President Barack Obama effectively circumvented Congress on illegal immigration when he announced on June 15 that the administration would selectively abstain from deporting certain alien residents living in the U.S. Effective immediately, the federal government will cease efforts to deport up to 1.4 million children and young adults who are in the United States illegally. According to the Pew Research Center, the 1.4 million estimate includes 700,000 unauthorized immigrants who are ages 18 to 30 who arrived in the U.S as minors and are currently enrolled in school or have graduated high school. An additional 700,000 who are under the age of 18 and are enrolled in school would also be included, including 150,000 who are currently enrolled in high school.
The move does an end-run around Congress by putting into effect some of the goals of the Development, Relief and Education Act for Alien Minors (DREAM). This bill, which has had bipartisan support but failed to pass the Senate’s scrutiny in 2010, includes means for young people to obtain citizenship even though they who came to the United States illegaly as children but have attended college or served in the military.
In announcing his policy change, which has widely been reported as an Executive Order but is actually a directive of the Department of Homeland Security, Obama said “Secretary Napolitano announced new actions my administration will take to mend our nation’s immigration policy, to make it more fair, more efficient and more just, specifically for certain young people sometimes called dreamers.” Even so, Obama said that this was but a temporary measure. The next president of the United States would be able to rescind the policy change. “This is not amnesty. This is not immunity. This is not a path to citizenship,” Obama said. “It's not a permanent fix.”
Pulling at heart strings, Obama said of the young illegal immigrants, “Now, these are young people who study in our schools, they play in our neighborhoods, they’re friends with our kids, they pledge allegiance to our flag. They are Americans in their heart, in their minds, in every single way but one: on paper.” Saying that they been brought to the U.S. by their parents and unwitting of their undocumented status, Obama told his listeners “Put yourself in their shoes. Imagine you’ve done everything right your entire life -- studied hard, worked hard, maybe even graduated at the top of your class -- only to suddenly face the threat of deportation to a country that you know nothing about, with a language that you may not even speak.”
Under Obama’s fiat, those immigrants who arrived illegally before the age of 16 and are now under the age of 30 will be allowed to apply for work permits as long as they have no criminal history and meet other criteria. Those meeting the criteria will be will be eligible to apply for deferred action on deportation for a period of two years, and that status will be renewable. They will also be allowed to get work permits. They will have to fulfill various requirements to be eligible to apply. They must have come to the U.S. before they turned 16 years of age and must have resided in the U.S. continuously for at least five years. They must be present in the U.S. now, be enrolled in school, and hold a high school diploma or GED or serve in the U.S. military. Veterans who have been discharged honorably also will be eligible. Those disqualified include: felons, perpetrators of violent crimes, and repeat immigration offenders. Also ineligible would be those convicted of a significant misdemeanor offense or more than one misdemeanor, or those who for some other reason pose a security or safety threat.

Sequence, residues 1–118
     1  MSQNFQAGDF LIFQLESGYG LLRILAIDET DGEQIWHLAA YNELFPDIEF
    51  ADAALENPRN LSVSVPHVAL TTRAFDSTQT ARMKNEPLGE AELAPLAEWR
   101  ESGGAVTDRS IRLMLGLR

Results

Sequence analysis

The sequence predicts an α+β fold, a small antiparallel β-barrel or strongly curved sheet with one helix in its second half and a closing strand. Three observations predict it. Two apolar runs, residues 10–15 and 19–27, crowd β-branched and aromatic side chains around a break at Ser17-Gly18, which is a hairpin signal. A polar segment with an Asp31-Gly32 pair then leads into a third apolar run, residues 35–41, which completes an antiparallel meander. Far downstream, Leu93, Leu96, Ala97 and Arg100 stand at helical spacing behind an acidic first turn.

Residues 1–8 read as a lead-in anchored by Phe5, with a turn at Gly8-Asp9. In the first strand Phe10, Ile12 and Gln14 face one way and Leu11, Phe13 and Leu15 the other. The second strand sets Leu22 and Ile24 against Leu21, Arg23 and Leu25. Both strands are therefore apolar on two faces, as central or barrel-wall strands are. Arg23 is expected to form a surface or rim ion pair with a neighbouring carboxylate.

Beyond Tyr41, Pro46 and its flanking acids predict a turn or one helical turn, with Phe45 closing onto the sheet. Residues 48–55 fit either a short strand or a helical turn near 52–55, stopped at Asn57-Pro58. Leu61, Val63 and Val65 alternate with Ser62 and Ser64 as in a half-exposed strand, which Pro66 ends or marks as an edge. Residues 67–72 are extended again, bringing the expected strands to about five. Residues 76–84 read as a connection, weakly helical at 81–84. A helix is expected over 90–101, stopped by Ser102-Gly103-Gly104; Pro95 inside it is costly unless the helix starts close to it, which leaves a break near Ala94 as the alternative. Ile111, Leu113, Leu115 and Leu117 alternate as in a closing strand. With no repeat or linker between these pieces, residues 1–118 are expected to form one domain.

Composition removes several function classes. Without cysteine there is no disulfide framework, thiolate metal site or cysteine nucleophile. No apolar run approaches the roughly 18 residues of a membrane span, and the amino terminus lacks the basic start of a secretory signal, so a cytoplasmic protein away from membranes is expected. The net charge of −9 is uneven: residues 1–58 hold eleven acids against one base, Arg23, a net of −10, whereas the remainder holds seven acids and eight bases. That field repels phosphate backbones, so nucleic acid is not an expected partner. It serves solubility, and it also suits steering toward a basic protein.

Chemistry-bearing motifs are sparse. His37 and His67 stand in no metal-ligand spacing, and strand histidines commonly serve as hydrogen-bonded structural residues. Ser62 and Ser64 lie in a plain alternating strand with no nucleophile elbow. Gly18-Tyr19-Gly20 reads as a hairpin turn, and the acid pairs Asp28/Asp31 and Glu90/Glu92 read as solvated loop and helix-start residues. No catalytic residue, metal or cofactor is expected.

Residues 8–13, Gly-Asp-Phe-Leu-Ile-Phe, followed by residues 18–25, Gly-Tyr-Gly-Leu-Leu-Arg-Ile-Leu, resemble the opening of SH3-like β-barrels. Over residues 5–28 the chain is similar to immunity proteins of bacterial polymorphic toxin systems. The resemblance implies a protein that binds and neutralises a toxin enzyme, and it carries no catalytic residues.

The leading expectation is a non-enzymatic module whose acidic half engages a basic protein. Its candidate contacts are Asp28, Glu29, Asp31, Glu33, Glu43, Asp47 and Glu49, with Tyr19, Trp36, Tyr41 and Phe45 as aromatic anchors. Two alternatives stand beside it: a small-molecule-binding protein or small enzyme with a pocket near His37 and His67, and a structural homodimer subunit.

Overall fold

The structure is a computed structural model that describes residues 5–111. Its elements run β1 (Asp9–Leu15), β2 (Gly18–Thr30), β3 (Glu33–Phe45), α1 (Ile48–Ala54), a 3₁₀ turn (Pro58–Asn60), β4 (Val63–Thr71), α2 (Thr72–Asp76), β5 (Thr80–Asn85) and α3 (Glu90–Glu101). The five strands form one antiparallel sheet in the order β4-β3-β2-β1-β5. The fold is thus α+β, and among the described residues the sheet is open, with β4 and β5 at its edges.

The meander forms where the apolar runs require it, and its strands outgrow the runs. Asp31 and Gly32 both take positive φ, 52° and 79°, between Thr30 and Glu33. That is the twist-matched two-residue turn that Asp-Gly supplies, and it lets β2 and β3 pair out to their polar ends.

President Obama, who spoke to reporters assembled at the White House Rose Garden said the changes would make the immigration system "more efficient, more fair and more just." The policy change also comes just a week before he will speak to members of the National Association of Latino Elected and Appointed Officials’ (NALEO) at their conference in the key state of Florida.
This political move by Obama addresses a top concern for Latino political leadership, many of whom have been vocally opposed to the Obama administration’s burgeoning deportations heretofore. Even while Obama still has a majority of Latino voters in his corner, some of their enthusiasm has been dampened by the nation’s slow economic growth, in addition to his impotence as to winning congressional support for an overhaul of immigration laws. Activists mounted a hunger strike at his Denver campaign office to demonstrate their opposition to the slew of deportations under his administrations. More protests are expected June 16-17.